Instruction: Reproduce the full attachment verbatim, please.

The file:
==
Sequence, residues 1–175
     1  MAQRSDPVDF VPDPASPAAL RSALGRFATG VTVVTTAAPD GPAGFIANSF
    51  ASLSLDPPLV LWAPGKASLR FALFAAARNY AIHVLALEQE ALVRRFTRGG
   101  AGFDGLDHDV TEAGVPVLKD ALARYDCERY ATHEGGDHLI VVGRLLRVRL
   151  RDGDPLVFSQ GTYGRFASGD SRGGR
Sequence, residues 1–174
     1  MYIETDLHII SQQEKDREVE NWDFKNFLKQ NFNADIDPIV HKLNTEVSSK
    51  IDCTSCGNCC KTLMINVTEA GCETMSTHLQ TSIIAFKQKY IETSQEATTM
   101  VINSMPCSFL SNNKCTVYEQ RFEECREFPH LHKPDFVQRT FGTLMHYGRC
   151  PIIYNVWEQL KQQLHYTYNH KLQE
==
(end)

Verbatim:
Sequence, residues 1–175
     1  MAQRSDPVDF VPDPASPAAL RSALGRFATG VTVVTTAAPD GPAGFIANSF
    51  ASLSLDPPLV LWAPGKASLR FALFAAARNY AIHVLALEQE ALVRRFTRGG
   101  AGFDGLDHDV TEAGVPVLKD ALARYDCERY ATHEGGDHLI VVGRLLRVRL
   151  RDGDPLVFSQ GTYGRFASGD SRGGR
Sequence, residues 1–174
     1  MYIETDLHII SQQEKDREVE NWDFKNFLKQ NFNADIDPIV HKLNTEVSSK
    51  IDCTSCGNCC KTLMINVTEA GCETMSTHLQ TSIIAFKQKY IETSQEATTM
   101  VINSMPCSFL SNNKCTVYEQ RFEECREFPH LHKPDFVQRT FGTLMHYGRC
   151  PIIYNVWEQL KQQLHYTYNH KLQE